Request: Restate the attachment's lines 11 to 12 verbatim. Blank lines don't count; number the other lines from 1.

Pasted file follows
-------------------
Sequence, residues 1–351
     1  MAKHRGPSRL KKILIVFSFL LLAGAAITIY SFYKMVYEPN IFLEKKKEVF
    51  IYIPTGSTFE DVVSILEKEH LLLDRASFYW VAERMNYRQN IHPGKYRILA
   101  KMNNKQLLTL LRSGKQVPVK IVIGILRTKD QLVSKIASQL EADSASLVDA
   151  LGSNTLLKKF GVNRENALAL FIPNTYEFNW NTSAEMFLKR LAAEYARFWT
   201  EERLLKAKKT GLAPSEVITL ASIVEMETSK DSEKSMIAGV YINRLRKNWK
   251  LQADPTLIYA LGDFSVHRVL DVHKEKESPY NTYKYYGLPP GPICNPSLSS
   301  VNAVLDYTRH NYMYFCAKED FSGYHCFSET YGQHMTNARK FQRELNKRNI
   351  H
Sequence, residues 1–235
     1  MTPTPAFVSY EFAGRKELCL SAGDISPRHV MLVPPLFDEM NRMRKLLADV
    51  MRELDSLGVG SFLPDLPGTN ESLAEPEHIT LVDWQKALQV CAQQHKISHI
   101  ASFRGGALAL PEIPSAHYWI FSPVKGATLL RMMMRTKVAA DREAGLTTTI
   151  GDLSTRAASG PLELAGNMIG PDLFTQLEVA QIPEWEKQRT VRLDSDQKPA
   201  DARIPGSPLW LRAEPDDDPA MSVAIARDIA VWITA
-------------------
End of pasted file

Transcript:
     1  MTPTPAFVSY EFAGRKELCL SAGDISPRHV MLVPPLFDEM NRMRKLLADV
    51  MRELDSLGVG SFLPDLPGTN ESLAEPEHIT LVDWQKALQV CAQQHKISHI